January 28, 2005

Documenting BLOJO CRED

Jon Garfunkel, who attended BLOJO Cred at Berkman, has written up a thorough summary on some of the touchier issues around the conference. He polled some of the excluded and included some thoughts from critic-skeptics, I think in part so that there would be a centralized record of what some of the outlying blog voices were talking about when the initial criticism of the conference began.

Jon did a lot of work compiling his analysis, and it shows. While I agree with his assumption that the lack of diversity didn't affect the outcome or the tenor of the conference, I maintain my dismay: That's the point. That by not assembling a more diverse group both the high priests of blogdom and high priests of journalism were safe in securing their desired positioning without challenge from their own parishioners. Each desired to win the coveted credibility grail from the other. In the end, no one got to take the trophy home.

As for the rest of us? Well, we were right, and a hell of a lot more funny, but that doesn't count for much in closed circles.

Jon concludes his essay by describing what happens when a homogeneous group tries to achieve something meaningful:

"Getting a group of fifty in a conference room tilts the conversation too much. There are just too many affluent men (and too few women) strutting their own stuff without anybody to challenge their assertions. I know; I was there; I offered the challenges. I got support from the people on the outside looking in, but the insiders had little response, and the good folks in academia who should have led the questioning had checked their skepticism at the door."

And while the conference apparently failed to achieve any accord or agreement (the best news I'd heard come out of the Berkman Center in a long time), Jon concludes that perhaps we can do a better job at talking with the elite without attacking them:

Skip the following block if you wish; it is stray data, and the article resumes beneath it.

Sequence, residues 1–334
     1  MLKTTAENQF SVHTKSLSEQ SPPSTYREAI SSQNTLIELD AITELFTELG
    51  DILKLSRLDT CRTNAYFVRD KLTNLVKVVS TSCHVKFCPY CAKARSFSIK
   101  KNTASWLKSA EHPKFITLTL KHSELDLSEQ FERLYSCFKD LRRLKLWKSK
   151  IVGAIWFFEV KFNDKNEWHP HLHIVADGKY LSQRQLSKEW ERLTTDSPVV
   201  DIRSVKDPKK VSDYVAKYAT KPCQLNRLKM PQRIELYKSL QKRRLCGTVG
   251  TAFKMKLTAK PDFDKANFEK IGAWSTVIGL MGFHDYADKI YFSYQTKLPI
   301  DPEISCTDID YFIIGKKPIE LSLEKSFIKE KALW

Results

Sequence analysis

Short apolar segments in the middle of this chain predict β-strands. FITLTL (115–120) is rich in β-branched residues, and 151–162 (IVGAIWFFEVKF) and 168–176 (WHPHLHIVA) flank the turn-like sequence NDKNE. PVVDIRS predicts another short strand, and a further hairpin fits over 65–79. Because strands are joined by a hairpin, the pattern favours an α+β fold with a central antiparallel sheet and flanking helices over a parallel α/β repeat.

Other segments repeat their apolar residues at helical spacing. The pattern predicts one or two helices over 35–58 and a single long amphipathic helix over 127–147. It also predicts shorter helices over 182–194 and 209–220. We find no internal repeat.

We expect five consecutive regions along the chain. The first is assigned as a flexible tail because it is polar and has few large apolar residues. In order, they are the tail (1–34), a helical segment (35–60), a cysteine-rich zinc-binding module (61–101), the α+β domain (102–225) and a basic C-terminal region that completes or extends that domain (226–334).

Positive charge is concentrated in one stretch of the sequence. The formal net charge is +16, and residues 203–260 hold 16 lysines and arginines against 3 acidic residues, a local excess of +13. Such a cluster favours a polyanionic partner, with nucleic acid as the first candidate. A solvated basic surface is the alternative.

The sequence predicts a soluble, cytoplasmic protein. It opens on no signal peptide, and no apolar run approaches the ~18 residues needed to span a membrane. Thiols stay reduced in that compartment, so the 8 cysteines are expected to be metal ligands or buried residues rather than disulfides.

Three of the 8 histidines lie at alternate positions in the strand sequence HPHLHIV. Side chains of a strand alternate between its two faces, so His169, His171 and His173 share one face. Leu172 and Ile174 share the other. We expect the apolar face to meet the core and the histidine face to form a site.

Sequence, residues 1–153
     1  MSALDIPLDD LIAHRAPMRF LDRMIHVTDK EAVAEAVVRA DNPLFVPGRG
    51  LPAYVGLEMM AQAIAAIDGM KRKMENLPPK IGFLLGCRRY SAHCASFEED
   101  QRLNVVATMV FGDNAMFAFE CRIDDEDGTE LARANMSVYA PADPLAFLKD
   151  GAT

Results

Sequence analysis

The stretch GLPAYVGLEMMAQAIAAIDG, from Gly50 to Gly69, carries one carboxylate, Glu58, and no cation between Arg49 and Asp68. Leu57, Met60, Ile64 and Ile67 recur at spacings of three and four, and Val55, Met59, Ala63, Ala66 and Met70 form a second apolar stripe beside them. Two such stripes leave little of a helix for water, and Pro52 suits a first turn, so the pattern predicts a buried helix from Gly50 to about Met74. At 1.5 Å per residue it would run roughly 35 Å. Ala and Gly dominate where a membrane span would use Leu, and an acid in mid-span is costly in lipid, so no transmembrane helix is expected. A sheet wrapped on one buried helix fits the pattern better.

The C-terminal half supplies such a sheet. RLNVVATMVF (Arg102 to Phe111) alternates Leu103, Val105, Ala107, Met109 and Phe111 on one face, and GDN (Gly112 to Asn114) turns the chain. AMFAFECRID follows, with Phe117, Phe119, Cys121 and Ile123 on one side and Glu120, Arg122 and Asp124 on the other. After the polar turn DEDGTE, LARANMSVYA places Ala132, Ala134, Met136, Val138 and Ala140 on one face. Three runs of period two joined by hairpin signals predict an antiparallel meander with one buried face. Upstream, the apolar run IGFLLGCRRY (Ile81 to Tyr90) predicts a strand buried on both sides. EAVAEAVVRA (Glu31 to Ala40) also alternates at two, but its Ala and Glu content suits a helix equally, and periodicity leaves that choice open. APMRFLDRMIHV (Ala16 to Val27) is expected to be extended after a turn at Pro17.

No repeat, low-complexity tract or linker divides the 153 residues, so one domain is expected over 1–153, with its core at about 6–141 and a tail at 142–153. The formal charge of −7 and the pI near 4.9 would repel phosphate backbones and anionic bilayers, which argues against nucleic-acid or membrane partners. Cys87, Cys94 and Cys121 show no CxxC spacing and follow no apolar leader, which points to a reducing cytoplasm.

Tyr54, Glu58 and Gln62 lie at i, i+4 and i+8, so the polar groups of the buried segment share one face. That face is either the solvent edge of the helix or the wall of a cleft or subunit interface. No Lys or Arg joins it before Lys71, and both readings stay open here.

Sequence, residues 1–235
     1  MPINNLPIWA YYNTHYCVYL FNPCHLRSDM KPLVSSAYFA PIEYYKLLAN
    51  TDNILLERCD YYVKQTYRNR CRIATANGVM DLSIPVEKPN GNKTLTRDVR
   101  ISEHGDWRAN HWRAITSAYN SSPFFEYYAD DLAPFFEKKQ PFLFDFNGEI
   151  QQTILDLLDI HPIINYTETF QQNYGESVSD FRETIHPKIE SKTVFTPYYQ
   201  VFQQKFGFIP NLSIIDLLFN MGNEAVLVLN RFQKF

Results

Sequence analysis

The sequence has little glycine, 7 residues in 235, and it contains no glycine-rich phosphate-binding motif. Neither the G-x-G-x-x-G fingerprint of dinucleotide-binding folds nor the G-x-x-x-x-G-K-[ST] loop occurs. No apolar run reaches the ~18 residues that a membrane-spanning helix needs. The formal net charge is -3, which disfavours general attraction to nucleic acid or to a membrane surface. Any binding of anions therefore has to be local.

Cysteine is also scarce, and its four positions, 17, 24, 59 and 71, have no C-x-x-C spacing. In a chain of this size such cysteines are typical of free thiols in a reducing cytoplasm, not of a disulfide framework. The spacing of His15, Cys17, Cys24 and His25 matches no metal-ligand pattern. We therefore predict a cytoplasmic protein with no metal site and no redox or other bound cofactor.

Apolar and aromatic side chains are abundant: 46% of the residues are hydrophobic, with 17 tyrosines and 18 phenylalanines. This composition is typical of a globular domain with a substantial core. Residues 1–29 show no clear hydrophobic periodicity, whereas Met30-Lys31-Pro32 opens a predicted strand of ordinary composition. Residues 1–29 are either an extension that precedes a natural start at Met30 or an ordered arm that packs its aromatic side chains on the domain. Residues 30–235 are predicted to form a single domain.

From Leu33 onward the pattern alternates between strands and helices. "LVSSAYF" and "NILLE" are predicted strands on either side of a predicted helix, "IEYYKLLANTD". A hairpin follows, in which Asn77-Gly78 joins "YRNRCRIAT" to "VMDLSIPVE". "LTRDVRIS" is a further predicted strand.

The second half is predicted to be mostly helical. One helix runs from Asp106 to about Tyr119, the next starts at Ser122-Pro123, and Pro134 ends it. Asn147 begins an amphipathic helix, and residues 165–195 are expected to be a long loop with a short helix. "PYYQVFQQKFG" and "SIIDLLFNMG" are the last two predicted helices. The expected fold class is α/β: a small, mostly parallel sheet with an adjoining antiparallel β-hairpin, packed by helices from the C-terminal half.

There's still work for the readers to do, and perhaps this is what Dan Gillmor meant to say. Outsider participants need to figure out ways to get the insiders' attention without dropping into personal attacks.

There are moments when I think that having civil discourse over heated matters helps. But I've found that usually it doesn't. There is a certain demographic among the blog elite that doesn't hear unless you get in their face. I'm willing to keep doing it. Partly for me and partly for those more civil than I who otherwise don't get heard when posting opinions of dissent. The ones who email me saying, "That rocked what you said on your blog."

If three or four years of fine writing and thinking -- of humor and horror, of piss and passion -- on the part of the excluded aren't enough to get the "insider's attention," then it's just not going to happen.

And that's okay.

Because what they don't seem to realize is that they are quickly positioning themselves as the "business as usual" crowd of blogdom and journalism, the institutionalized among the amateurs. They are becoming what they came here to diss.

Tee hee.

The CEOs of Blogging are no sooner going to forgo their $50,000 in "pocket change" than I am going to stop pointing out how silly they look in their fancy-dancy ties.

I think we don't need their attention. We simply need to keep talking to one another, and when they do and say ridiculous things within the hallowed halls of conferenceland, attempting to define standards and ethics for an "unspace" like the blogworld, then we keep talking to each other.

That's what we do.

January 27, 2005


Yah! I like seeing his name up there in my google ads.

In other news, I ditched the old sidekick finally. I initially bought an HP IPAQ 6315, thinking that it would be way more relevant to me than it was. I hated it. What's with making a Pocket PC with a detachable keyboard and not making a case that houses said keyboard. Well, key"board" is probably best described as hyperbole. I should call it an itsybitsyletterbox.

Anyway, I spent a total of 10 hours on T-Mobile support calls trying to 1) Get the IPAQ do some simple tasks like say give me the email I actually WANTED, not deliver them as SMS's every two seconds. Then when I gave up and returned the IPAQ, I was left with residual data "FEATURES!" on my sidekick that insisted on delivering an Instant Message every single time I got an email in either of my two email accounts. I can tell you precisely how many SMS email alerts fill up your sidekick SIM: 39. I get 39 in a half hour to an hour on a typical workday. WHich means, in order to keep my phone SOMEWHAT functional, I had to delete messages every 45 minutes.




Hello Blackberry.

January 26, 2005




Originally uploaded by marekj.